The bitter trade war between China and the United States has resulted in the disruption of many supply chains. Huawei is now facing a shortage of chipsets due to this ban. Now, Qualcomm is lobbying to lift the ban and allow it to sell 5G chipsets to the Chinese tech giant.
Due to the trade war, the supply chain of Huawei was heavily disrupted. One of the company’s chipset provider, TSMC, is also barred from delivering supply. The Chinese tech giant relies heavily on TSMC to provide it with its own in-house HiSilicon Kirin chipsets.
Huawei said that if the ban continues, it will look for alternative chipset providers. This means that the upcoming Mate 40 device will be the last to use its own Kirin chipset.
Qualcomm understands this quandary, and it is not the only company that stands to profit from it. It says that if the government does not lift the ban, rivals like Samsung and MediaTek will reap the reward. This will prove to be a huge blow for the company, which counts Huawei as one of its biggest partners.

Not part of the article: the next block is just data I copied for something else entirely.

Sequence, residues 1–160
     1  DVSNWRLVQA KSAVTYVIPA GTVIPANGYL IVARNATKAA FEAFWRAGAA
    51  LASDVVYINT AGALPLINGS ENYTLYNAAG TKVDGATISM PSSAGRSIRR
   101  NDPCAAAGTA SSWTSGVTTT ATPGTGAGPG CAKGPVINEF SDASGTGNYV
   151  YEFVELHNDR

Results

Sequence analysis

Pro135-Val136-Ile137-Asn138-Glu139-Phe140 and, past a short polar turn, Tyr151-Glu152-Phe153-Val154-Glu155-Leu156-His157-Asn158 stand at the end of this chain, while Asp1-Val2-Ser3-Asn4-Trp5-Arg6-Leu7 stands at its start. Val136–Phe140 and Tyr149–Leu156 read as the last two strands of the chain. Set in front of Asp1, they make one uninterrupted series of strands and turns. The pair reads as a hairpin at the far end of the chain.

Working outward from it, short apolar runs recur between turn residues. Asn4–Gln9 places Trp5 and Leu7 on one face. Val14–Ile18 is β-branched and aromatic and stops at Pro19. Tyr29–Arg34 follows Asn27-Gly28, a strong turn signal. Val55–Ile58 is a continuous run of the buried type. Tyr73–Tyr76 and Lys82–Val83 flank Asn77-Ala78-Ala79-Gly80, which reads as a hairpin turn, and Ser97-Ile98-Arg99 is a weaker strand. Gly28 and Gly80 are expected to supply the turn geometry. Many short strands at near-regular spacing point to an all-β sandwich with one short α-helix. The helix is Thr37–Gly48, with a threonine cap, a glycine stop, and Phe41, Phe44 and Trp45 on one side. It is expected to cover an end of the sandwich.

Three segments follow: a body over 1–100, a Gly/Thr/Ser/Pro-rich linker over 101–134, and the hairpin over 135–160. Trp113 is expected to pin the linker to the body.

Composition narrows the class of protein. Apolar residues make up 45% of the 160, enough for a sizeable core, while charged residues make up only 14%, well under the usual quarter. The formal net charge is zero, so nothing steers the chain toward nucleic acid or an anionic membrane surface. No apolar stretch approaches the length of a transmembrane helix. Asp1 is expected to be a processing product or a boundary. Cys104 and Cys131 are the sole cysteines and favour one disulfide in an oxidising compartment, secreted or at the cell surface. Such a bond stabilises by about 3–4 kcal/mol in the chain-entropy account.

The company claims that the trade ban will not deter Huawei to look for alternative chipset providers. For that matter, tech giants like Samsung and MediaTek will be happy to oblige for that demand. The American chipmaker is expecting to lose a massive $8 billion revenue if that happens.
In a statement acquired by the Wall Street Journal, the tech giant said:
“If Qualcomm is subject to export licensing, but foreign competitors are not, US government policy will cause a rapid shift in 5G chipset market share in China and beyond.”
Many tech experts that the future of the industry is looking towards 5G. It comes as no wonder why big tech companies are jumping into its research and development. Moreover, telecommunications companies around the globe are also busy rolling out 5G infrastructure.
Should Huawei and Qualcomm arrive at a deal, it will not be the first time. Before the trade war, the two tech giants rely on each other for trade. Huawei needs the hardware, and the American chipmaker is always there to provide it.
Considering the current political climate between the U.S. and China, Qualcomm will have a hard time lifting the ban. Huawei is also starting to outsource some of its supplies to firms not affiliated with the United States.
Featured image courtesy of Michael Vi/Shutterstock
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